Avenida Revolución

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Avenida Revolución in Tijuana

Avenida Revolución (Spanish for "Revolution Avenue") is the tourist center in Tijuana, Baja California, México. It is a main thoroughfare of the historic downtown of Tijuana, officially called the Zona Centro, which forms part of the Delegación Centro or Central Borough of Tijuana.[1]

History[edit]

Avenida Revolución was the first road in Tijuana to be paved, near the beginning of the twentieth century. Originally called Avenida Olvera, it was from its earliest days a popular destination for American tourists who crossed the border from California. The avenue's most remarkable development was during the Prohibition Era of 1920-33, when it was visited by American tourists seeking legal alcohol. The Caesar salad was invented on Avenida Revolución during this period by Caesar Cardini, the Italian-American proprietor of the Hotel Caesar and its restaurant Caesar's.

During this period the name of the avenue changed several times in line with political developments in Mexico. In 1920 it became Avenida A. In the late 1920s it became Avenida Álvaro Obregón and subsequently Avenida Libertad. In 1932 it received its current name.

Avenida Revolución has experienced many changes, and is known as the business card of Tijuana, "The most visited city in the world". It was known for its famous cantinas including, "La Ballena", the largest bar in the world when it was open. The city was popular with American Navy sailors until the United States Navy prohibited sailors from visiting Tijuana.[2] From 1989 to 1994 the Avenida's Baby Rock discothèque was the claimed to be #1 club in the world based on gross revenues,[3] before becoming in 2012 the Onixeus.

Hotel Caesar on Avenida Revolución, where Caesar salad was invented at the Caesar's Restaurant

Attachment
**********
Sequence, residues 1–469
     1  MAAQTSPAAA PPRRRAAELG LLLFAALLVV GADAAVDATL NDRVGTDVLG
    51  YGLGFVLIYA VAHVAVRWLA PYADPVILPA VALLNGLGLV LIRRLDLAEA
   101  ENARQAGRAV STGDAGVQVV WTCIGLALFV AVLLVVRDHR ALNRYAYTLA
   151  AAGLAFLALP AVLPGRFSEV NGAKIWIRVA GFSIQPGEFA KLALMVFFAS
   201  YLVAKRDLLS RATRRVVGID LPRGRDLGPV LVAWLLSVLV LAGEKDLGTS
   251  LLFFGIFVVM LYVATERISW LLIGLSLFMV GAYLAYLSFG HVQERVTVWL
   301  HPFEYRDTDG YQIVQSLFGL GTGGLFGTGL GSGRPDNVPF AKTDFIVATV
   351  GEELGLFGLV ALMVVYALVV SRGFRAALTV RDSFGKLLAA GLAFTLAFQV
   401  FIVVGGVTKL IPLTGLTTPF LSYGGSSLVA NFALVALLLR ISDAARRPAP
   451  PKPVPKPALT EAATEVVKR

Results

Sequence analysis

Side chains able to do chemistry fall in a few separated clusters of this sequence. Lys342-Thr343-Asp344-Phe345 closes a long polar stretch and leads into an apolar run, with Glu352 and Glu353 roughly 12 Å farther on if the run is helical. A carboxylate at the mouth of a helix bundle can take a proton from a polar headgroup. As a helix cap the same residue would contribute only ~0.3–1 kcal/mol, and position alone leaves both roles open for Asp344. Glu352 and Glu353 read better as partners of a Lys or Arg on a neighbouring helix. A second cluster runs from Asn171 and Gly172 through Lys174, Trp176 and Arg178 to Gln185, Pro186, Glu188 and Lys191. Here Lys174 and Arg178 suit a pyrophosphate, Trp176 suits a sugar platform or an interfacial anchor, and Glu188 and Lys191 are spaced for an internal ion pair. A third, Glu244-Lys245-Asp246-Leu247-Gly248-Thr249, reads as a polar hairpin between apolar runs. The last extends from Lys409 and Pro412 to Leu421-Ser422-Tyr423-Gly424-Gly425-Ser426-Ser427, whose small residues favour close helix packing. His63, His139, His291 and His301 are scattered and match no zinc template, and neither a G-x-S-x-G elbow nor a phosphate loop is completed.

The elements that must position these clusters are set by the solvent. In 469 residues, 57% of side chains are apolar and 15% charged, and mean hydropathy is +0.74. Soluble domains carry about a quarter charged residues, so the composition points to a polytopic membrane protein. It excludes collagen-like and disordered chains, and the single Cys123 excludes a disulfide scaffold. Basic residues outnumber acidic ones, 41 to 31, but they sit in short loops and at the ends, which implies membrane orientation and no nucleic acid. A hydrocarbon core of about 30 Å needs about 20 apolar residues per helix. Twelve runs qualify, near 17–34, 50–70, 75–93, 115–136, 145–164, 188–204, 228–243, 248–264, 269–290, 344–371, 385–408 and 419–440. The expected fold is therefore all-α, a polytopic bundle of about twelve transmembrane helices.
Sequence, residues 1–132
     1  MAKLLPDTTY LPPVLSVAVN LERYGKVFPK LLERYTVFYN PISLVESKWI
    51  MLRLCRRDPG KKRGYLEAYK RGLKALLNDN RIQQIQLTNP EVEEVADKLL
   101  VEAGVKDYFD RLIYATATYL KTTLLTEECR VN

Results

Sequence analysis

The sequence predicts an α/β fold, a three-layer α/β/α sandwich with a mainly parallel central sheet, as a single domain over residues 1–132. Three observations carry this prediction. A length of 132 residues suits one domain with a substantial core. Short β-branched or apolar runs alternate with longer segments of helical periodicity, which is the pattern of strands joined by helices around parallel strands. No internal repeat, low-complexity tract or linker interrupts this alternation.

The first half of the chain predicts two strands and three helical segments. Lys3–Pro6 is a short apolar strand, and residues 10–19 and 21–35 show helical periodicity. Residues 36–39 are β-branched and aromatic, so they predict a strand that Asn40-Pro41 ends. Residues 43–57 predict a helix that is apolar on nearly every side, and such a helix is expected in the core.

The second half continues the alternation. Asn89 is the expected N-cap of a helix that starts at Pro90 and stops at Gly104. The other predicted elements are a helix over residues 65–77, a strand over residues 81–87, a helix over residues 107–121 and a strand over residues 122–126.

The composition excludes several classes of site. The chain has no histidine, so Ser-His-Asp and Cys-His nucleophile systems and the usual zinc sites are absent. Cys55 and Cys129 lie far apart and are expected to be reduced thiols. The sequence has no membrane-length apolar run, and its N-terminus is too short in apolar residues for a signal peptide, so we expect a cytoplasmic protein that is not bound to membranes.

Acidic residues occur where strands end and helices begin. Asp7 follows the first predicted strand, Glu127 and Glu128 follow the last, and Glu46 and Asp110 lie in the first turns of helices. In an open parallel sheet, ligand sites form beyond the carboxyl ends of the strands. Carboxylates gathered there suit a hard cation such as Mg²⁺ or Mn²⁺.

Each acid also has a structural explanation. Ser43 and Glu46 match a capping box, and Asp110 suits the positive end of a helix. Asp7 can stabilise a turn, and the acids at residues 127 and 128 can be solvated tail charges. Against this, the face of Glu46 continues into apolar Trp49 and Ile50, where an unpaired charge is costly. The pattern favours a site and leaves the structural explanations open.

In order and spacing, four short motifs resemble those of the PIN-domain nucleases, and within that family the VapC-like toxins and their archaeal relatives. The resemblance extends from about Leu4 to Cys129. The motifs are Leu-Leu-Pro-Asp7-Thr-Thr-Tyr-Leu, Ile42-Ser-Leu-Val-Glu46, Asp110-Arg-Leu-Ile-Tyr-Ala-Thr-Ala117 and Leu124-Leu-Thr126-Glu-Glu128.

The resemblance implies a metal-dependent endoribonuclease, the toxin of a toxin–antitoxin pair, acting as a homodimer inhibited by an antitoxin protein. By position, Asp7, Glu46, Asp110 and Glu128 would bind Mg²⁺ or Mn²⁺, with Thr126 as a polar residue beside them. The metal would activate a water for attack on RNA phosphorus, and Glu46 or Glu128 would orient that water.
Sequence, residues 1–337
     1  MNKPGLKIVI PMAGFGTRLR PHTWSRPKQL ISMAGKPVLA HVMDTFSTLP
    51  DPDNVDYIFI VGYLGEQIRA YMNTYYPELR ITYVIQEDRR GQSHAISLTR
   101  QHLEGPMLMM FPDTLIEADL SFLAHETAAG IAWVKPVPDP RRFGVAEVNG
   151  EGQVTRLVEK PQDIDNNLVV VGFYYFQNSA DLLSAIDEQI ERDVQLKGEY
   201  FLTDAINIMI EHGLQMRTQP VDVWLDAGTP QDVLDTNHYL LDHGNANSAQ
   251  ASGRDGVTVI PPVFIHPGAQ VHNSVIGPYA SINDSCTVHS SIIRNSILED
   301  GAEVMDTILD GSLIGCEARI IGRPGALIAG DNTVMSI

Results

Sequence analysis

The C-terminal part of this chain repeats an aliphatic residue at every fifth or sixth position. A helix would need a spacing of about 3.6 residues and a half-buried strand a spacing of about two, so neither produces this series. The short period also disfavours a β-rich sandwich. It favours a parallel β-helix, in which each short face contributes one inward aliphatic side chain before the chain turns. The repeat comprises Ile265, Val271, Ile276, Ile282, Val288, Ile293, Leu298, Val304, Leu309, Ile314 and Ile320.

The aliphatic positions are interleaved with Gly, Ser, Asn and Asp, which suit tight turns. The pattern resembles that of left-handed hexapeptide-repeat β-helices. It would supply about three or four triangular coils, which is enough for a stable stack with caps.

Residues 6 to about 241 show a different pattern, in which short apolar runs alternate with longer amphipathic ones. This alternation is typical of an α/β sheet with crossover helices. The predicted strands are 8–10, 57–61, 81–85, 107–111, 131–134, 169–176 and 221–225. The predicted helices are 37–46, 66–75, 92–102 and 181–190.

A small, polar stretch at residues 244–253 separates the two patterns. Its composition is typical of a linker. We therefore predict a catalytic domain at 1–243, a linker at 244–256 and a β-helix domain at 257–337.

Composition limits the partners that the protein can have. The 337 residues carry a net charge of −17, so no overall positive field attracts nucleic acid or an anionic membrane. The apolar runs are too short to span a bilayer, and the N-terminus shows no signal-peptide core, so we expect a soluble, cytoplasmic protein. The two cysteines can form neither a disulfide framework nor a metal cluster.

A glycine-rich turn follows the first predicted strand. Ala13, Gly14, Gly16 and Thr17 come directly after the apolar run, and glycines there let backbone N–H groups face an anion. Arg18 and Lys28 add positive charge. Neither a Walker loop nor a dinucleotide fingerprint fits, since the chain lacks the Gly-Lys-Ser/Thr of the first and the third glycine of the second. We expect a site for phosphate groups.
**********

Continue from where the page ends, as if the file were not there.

El Foro, the former jai alai palace

Points of interest[edit]

Intersections north to south:

Cross street
(C.=Calle,
Av.=Avenida)
Cross street
alt. name
Points of interest
Vía Internacional Road from Mexico 1D from Ensenada/Rosarito
Av. Alberto Aldrete
Av. Baja California Migrant shelters
Av. Coahuila
C. Primera Primera (1ra, 1st) Tijuana Arch (Arco de Tijuana), Puente México - pedestrian street to Plaza Viva Tijuana and Pedwest U.S. border, Santiago Argüello pedestrian street, Plaza Santa Cecilia, Hotel Nelson
C. Benito Juárez Segunda (2ª, 2nd) HSBC Bank (historic building), Soriana supermarket
C. Felipe Carrillo Puerto Tercera (3ª, 3rd) SITT (BRT) bus stop, Pasaje Rodríguez art space housed in former souvenir/crafts passage (bazaar), Caliente casino
C. Salvador Díaz Mirón Cuarta (4ª, 4th) "Esquina Sara" cox-working and retail on site of former Sara department store, Hotel César, Caesar's restaurant
Emiliano Zapata Quinta (5ª, 5th)
C. Flores Magón Sexta (6ª, 6th) Colectivo 9 design bazaar and food hall, Cine Tonalá art cinema, "hipster" shops
C. Hermenegildo Galeana Séptima (7ª, 7th) Jai Alai Palace and Caliente casino, SITT (BRT) bus stop "Jai Alai"
C. Miguel Hidalgo Octava (8ª, 8th) Sanborn's
C. Ignacio Zaragoza Novena (9ª, 9th) Waldo's variety store
C. Juan Sarabia Décima (10ª, 10th)
C. Plutarco Elías Calles Undécima (11ª, 11th)
C. Francisco Madero / Blvd. Fundadores Torre de Agua Caliente monument; Street continues east-southeastward as Blvd. Agua Caliente.

Attractions[edit]

Plaza Santa Cecilia with papel picaco decorations.

The long avenue is home to several distinct attractions, from cantinas and table dance bars to numerous dance clubs and art galleries.

A popular tourist attraction is taking a picture with a zonkey, a donkey painted to look like a zebra.[citation needed]

Businesses include some remaining handicraft and leather shops, pharmacies catering primarily to Americans, and a branch of the Sanborn's gift emporium and casual restaurant.[citation needed] American stores and fast-food restaurants like 7-Eleven and Burger King have a presence on the avenue, as they do throughout Tijuana.

The shopping arcades lost many of their customers and tenants in the years after 2001 as tourism dropped; however the Pasaje Rodríguez has been repurposed as a design/cultural destination with businesses selling coffee, books, and artisan clothing and other products.

El Foro, the former Jai Alai Palace, is now a concert venue.

Caliente operates two casinos on the avenue.

The avenue was remodeled in the mid-2010s, widening the sidewalks, adding bus rapid transit lanes and reducing lanes for car traffic.[citation needed]

See also[edit]

References[edit]

  1. ^ "Official map website of the Tijuana City government". Archived from the original on 2016-07-03. Retrieved 2013-04-06.
  2. ^ Los Angeles Magazine - Jun 2000 - Page 106
  3. ^ hollywoodoutbreak 28 March 2011